Because it directs the air from CPAP machine to your nose and mouth, the CPAP mask is an essential component of the total CPAP therapy you receive. Therefore, as you probably guessed, the CPAP mask you choose needs to be as comfortable as is humanly feasible while providing a full seal around your nose and mouth.
Fortunately, a good number of the maskless CPAP available on the market today that are designed to accomplish exactly that — deliver a perfect night’s sleep without creating discomfort or irritation. Let’s investigate what distinguishes these various CPAP masks unique from one another and the benefits that come packaged with each category of masks.
What Are The Many Kinds Of CPAP Masks Available For Those Suffering From Sleep Apnea?
There are three primary categories of CPAP masks; typically, all sizes are stocked for each category. These masks are also available in “For her” variants, made by some manufacturers, and meant to fit the shape of a woman’s head and face.
- Full-face masks shield both your lips and nose from view;
- Nasal masks are designed to cover only your nose and provide a more comfortable fit than full-face masks
- Nasal pillow masks are more lightweight and basic than nasal masks, allowing a high level of openness and visibility to the wearer while maintaining a comfortable level of airflow.
Based on these descriptions, it may appear self-evident that you would like a lighter mask over a heavier mask or a smaller mask over a larger mask. However, this preference may be different. However, other aspects must be taken into account. For instance, masks covering a larger portion of your face tend to provide a stronger seal against leakage, which can improve the quality of treatment. Similarly, if you have facial hair, you can discover that to obtain a better seal, you need a bigger mask. Alternatively, a less restrictive mask is more pleasant to wear if you have claustrophobia.
Full-face masks are more comfortable to wear, even though they weigh a little more. This is typically a matter of personal choice, as well as how well a particular mask shape will fit over the distinctive features of your face. In any event, your doctor can guide you through trying various masks and determining the best and most comfortable fit.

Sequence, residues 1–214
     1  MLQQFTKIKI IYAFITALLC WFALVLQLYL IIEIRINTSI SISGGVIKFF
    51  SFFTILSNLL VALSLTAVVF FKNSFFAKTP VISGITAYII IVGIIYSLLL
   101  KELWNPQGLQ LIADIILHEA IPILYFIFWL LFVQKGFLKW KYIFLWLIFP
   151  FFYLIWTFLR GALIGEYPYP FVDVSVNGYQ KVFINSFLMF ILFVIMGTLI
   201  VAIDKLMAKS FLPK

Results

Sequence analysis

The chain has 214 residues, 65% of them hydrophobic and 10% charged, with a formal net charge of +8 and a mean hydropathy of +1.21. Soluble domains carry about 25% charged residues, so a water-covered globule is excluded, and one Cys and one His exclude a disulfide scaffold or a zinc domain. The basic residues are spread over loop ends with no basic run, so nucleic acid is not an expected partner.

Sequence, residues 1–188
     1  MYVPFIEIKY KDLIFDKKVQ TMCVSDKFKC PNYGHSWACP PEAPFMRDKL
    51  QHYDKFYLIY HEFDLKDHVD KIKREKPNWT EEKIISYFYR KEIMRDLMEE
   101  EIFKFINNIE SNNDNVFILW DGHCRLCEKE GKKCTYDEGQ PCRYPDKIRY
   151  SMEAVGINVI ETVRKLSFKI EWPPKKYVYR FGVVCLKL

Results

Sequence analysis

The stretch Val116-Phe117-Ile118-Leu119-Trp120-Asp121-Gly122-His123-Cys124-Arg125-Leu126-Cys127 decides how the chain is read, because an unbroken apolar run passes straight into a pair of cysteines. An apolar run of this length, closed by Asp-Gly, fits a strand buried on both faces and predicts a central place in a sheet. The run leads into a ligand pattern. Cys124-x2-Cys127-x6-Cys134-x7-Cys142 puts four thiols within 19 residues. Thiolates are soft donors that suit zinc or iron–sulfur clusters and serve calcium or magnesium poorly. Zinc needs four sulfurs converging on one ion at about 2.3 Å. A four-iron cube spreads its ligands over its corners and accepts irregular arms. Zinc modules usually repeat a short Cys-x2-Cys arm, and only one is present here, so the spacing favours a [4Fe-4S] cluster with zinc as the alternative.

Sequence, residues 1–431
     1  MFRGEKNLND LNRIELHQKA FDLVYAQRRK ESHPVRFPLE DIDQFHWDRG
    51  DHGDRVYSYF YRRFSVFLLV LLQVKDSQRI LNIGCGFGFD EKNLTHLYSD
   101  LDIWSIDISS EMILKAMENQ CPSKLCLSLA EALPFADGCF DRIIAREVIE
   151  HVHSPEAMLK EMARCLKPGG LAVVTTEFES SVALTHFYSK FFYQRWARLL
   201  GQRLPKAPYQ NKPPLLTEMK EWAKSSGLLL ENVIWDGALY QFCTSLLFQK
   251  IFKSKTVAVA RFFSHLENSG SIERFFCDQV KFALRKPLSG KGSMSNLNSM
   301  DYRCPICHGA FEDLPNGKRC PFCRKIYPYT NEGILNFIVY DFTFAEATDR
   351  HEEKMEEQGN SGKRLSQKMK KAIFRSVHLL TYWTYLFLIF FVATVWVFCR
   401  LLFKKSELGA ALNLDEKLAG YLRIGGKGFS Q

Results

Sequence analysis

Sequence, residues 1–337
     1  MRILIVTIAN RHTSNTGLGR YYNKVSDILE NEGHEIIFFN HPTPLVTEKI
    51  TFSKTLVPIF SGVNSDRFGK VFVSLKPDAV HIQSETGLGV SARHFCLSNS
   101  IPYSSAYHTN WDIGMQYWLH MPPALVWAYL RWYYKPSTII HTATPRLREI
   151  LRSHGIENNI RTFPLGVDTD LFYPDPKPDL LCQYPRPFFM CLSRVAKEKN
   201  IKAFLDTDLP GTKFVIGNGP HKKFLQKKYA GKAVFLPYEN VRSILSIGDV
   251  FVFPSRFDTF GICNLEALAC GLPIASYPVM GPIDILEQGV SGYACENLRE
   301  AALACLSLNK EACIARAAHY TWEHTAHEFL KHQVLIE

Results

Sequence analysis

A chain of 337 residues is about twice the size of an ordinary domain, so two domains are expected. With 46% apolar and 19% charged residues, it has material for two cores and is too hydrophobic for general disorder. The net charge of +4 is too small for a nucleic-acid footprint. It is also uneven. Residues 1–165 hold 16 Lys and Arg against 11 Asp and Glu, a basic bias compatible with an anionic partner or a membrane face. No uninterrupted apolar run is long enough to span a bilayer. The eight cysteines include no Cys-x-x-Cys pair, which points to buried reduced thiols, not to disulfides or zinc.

And this is a significant point! If your CPAP mask is uncomfortable, there is a chance that you may “forget” to wear it on certain nights or that you will remove it in the middle of the night because it is causing you discomfort. Sometimes, you won’t even know that you’ve done this until you wake up the next morning.
After all, if you do not consistently wear your CPAP mask, you are not receiving the full treatment for your sleep apnea. This puts you in a situation similar to the one you were in before you were diagnosed with sleep apnea, which means that you are likely to be drowsy and lack energy throughout the day, in addition to being at risk for many other potential risks associated with sleep apnea.
To conclude, although most continuous positive airway pressure (CPAP) masks fit into one of the three categories described above, it is important to remember that these are not the only types of CPAP masks that may be used to treat sleep apnea. Total face masks, oral masks, and hybrid masks are examples of masks that are recommended to patients far less commonly. Total face masks cover the entire face, whereas oral masks cover only the mouth (offering various combinations of the previously described CPAP masks). Although they are not used as frequently as the three described above, your doctor may suggest one of them if your condition is severe, even if we have already mentioned them above.